Published on January 7th, 2020 | by Carolyn Fortuna0
Why You Should Care About The National Climate Bank — A CleanTechnica Exclusive
January 7th, 2020 by Carolyn Fortuna
The UN’s Intergovernmental Panel on Climate Change (IPCC) says that an annual investment of $2.4 trillion is needed in the energy system alone until 2035 to limit temperature rise to below 1.5 °C from pre-industrial levels. This kind of climate cash needs precise commitments, quantified goals, and transformative thinking. That’s where the National Climate Bank comes in. It’s a mechanism to spark greater public and private clean energy investment, using a range of techniques and approaches to engage market actors and capital providers and bridge market gaps that allow capital to flow at scale.
The National Climate Bank Act introduced in the Senate on July 8, 2019 establishes an innovative new financial institution as a standalone, independent nonprofit organization known as the National Climate Bank. Its mission is to reduce greenhouse gas (GHG) emissions and consumer energy costs by investing in clean energy and related projects that provide nationwide economic benefits. Several of the 2020 Democratic candidates for US President have endorsed the National Climate Bank as a way to fund clean energy projects.
The Coalition for Green Capital’s (CGC) works to drive greater clean energy investment into existing and new markets, in the US and in developing countries, with the goal of creating a 100% clean energy platform. The CGC’s executive director, Jeff Schub, agreed to provide CleanTechnica with an exclusive interview about the power and potential of the National Climate Bank, based on the CGS’ experience as it seeks to raise, organize, and deploy capital to finance clean energy projects.
Smaller government skeptics decry another government program. Why is the National Climate Bank much more than another oversized government use of taxpayer money?
“The National Climate Bank proposed in the current legislation has a very important feature that distinguishes it from other programs: it would be established as a nonprofit institution independent of government. Once established, funded, and furnished with a Board of Directors, its investment decisions would be made by experts rather than by elected officials. It would be insulated from politics and would receive no further taxpayer funding after its initial capitalization, instead drawing in private capital to co-invest in its projects. In this way it will be empowered to make investment decisions with the greatest benefit to the climate and to local communities, while treating taxpayer dollars with care and maximizing their impact.”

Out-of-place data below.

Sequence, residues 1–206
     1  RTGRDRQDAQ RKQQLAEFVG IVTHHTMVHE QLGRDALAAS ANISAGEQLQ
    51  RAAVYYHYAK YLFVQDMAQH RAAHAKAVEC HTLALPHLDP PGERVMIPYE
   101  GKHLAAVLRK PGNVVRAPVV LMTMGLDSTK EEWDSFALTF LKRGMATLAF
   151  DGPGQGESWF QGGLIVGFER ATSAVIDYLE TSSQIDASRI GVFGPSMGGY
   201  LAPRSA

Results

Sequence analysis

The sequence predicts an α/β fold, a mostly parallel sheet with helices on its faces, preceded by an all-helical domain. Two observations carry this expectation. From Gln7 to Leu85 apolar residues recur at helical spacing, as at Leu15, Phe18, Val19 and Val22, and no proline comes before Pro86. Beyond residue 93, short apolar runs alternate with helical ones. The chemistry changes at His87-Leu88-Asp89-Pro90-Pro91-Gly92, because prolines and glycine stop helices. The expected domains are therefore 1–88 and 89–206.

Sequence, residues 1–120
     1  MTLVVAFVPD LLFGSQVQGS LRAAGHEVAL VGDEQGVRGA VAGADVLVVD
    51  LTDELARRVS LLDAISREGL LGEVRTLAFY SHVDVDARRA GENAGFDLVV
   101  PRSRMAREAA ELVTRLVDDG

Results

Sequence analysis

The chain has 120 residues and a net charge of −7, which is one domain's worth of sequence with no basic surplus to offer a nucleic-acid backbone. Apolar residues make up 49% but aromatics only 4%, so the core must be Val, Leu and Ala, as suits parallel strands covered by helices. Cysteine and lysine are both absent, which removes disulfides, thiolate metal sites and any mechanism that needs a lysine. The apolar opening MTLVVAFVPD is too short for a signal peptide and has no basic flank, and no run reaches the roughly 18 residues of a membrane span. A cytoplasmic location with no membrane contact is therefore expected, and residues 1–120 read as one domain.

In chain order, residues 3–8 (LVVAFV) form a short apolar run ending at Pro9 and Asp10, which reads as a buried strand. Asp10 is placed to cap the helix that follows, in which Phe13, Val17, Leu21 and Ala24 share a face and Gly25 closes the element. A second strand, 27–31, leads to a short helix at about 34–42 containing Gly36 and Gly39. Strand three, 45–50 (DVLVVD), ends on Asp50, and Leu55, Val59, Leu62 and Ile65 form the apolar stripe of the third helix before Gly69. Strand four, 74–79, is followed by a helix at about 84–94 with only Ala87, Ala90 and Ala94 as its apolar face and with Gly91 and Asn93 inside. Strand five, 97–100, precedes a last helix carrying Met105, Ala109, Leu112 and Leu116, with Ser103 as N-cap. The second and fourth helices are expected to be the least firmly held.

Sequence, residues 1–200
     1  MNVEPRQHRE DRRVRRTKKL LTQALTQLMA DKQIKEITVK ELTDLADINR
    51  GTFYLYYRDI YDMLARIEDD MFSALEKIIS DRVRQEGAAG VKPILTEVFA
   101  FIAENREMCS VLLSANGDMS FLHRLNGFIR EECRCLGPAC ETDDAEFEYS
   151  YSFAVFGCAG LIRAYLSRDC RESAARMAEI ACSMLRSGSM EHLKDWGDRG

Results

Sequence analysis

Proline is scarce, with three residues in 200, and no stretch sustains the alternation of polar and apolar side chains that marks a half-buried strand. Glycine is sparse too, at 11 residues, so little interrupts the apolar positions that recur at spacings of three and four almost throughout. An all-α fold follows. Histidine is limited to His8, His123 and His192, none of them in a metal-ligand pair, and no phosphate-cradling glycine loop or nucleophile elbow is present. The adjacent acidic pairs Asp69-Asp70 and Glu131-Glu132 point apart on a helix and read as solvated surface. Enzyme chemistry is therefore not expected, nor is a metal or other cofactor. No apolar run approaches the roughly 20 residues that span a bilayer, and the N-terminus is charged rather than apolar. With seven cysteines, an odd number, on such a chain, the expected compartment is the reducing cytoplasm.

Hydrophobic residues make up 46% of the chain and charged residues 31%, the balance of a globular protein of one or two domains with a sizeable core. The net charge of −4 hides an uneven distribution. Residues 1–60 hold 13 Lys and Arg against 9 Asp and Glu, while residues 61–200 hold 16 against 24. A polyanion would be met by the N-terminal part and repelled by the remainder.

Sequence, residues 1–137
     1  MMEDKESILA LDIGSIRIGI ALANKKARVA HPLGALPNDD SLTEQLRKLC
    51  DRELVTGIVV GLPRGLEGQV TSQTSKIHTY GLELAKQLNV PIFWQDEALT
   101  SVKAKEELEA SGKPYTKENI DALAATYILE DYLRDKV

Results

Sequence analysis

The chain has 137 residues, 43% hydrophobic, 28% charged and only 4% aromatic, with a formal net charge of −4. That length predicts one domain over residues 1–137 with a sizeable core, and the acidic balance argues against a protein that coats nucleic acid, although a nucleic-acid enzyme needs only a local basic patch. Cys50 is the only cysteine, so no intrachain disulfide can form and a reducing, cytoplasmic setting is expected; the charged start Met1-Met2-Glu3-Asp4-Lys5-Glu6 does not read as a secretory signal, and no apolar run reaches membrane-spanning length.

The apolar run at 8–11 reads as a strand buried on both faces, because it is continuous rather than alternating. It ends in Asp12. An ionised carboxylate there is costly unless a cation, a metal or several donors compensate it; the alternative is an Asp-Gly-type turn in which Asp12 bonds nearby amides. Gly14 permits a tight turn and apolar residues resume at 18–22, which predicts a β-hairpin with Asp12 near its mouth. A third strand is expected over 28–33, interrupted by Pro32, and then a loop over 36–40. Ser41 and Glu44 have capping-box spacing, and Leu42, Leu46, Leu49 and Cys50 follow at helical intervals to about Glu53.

Why does the track record at state and local level infuse confidence into the likely success of the National Climate Bank?
“State and local green banks have already mobilized billions of dollars into clean energy projects, proving that the model works. Not only have they shown that they can breathe life into projects that wouldn’t otherwise have been built, they have done so with a unique focus on equity and community engagement. Green bank initiatives in states from Connecticut to Hawaii have made clean energy and energy efficiency accessible to renters, low-income families, and minority households that have often been excluded from these benefits. The investments save money for households and create jobs for local contractors.
The National Climate Bank would take this model to a much greater scale, both by providing capital to state and local green banks, and by directly investing in even larger clean energy projects.”
How will clean energy initiatives be chosen so as to be fair, competitive, and innovative?
“Legislation specifies that the Climate Bank will maximize the emissions reduction impact of each dollar deployed, while prioritizing benefits to consumers and environmental justice communities. Because green banks invest in projects that are competitive in the market, all investments regardless of their sector will contribute to reducing consumer costs.
An investment committee will be empowered to determine the precise mix of investments that will best achieve the priorities set forth in the legislation. One of the strengths of the green bank model (which we’ve already seen borne out by existing institutions), is their ability to learn, grow, and shift their strategy in response to changing conditions and new information over time.”
Potential to Cause Market Transformation
With operations informed by the track record of existing Green Banks, which have demonstrated their success across the US and around the world, the National Climate Bank could drive up to $1 trillion of total climate-related investment, starting from $35 billion in capitalization with public funds.
The National Climate Bank has broad potential to cause market transformation. If the Climate Bank is successful, it will open new markets for investment that will ultimately grow and receive financing without any Climate Bank participation.
Addressing the climate crisis will require transforming the energy sector and the nation’s infrastructure on precisely this large scale. The Climate Bank’s operations are based on established precedents, both in terms of its ability to mobilize private capital, and its ability to reduce greenhouse gases by delivering clean energy at a competitive price that reduces consumer costs.
The National Climate Bank Act, introduced today in the House, would be a powerful tool to fight climate change, driving private investment in innovative climate solutions. This is a great step forward & reflects recs laid out in Getting to Zero. https://t.co/5e4ZaqdxTO pic.twitter.com/6TVul0eVWz
— C2ES (@C2ES_org) December 12, 2019
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